3.15 Towards the end of Jason’s letter of 17/09, he suggests potential priority areas for 2020-21 – mental health; employability of veterans within NHSScotland and priority treatment. A narrative around the basis for these suggestions is set out at para 3.4. CMO drew attention to these suggested areas and invited views. The group were in agreement with these being the priority areas going forward and Jason suggested that around priority treatment, this should be expanded to include work on veterans’ access to services, as set out at paras 3.10 and 3.12. CMO agreed and asked that identification of veterans is taken within this area also. This was agreed by members.
3.16 At this point, CMO was required to leave the meeting. Jason assumed the role of Chair. Before he left, CMO expressed gratitude to all members for their contributions and said that he looks forward to engaging with the group in future discussions.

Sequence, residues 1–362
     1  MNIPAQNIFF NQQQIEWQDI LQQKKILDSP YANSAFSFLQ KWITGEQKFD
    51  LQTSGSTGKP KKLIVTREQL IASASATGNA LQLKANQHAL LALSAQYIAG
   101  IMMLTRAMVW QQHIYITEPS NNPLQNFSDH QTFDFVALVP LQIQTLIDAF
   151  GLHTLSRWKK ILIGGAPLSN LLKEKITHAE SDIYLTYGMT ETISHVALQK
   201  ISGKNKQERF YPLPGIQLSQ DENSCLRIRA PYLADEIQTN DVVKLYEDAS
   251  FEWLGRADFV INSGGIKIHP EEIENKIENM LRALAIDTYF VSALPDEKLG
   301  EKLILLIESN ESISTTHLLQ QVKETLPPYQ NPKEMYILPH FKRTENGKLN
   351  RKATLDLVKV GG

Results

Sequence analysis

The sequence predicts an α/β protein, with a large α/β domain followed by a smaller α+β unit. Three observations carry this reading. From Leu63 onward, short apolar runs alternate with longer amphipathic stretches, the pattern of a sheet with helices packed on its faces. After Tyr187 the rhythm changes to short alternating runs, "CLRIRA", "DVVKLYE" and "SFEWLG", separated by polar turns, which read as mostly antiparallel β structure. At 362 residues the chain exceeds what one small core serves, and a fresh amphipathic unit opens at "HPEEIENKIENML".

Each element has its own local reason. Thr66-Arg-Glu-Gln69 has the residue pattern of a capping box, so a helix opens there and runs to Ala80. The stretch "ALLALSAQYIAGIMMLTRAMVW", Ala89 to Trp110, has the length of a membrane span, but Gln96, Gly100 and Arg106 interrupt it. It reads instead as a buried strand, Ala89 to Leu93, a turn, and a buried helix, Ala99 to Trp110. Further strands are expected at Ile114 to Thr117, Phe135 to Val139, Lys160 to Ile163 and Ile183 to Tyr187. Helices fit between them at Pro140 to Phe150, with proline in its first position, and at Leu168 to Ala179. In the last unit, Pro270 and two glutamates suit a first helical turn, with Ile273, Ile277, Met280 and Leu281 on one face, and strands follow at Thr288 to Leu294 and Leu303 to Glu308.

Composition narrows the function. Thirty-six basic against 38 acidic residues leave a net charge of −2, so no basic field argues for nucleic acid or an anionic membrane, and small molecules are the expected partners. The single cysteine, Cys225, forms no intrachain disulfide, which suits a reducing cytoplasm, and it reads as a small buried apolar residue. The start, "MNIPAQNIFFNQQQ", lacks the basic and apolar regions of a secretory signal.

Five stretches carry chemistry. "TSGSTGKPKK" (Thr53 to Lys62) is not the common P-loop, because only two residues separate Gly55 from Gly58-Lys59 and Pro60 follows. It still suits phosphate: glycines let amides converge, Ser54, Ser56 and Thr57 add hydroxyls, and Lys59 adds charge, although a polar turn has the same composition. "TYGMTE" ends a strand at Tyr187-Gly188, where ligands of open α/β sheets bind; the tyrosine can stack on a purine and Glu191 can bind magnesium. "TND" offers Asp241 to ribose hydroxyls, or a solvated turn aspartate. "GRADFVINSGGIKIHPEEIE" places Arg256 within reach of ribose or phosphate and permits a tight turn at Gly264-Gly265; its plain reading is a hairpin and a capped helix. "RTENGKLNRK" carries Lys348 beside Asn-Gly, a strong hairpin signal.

4. Scottish Veterans Care Network Presentation
4.1 Lucy Abraham of the Scottish Veterans Care Network (the Network) gave a presentation on progress of the Network and intended next steps.
4.2 Before she began her presentation, further to the discussion at item 3, Lucy enquired about Scottish Government guidance relating to face to face groups e.g. drop in sessions. Previous guidance had indicated that these could still operate in small numbers, and Jason confirmed that this was the case and said that numbers should be regulated in terms of the size of group. He confirmed that this is the case for all types of therapy groups and included those groups to reduce isolation in vulnerable populations as long as sufficient measures are in place.
4.3 Lucy referred to a full presentation which has been given at other similar interest groups, for example, the last Implementation Group on 1 September 2020, where a number of SOG members were present, so she intended to discuss only the most recent progress.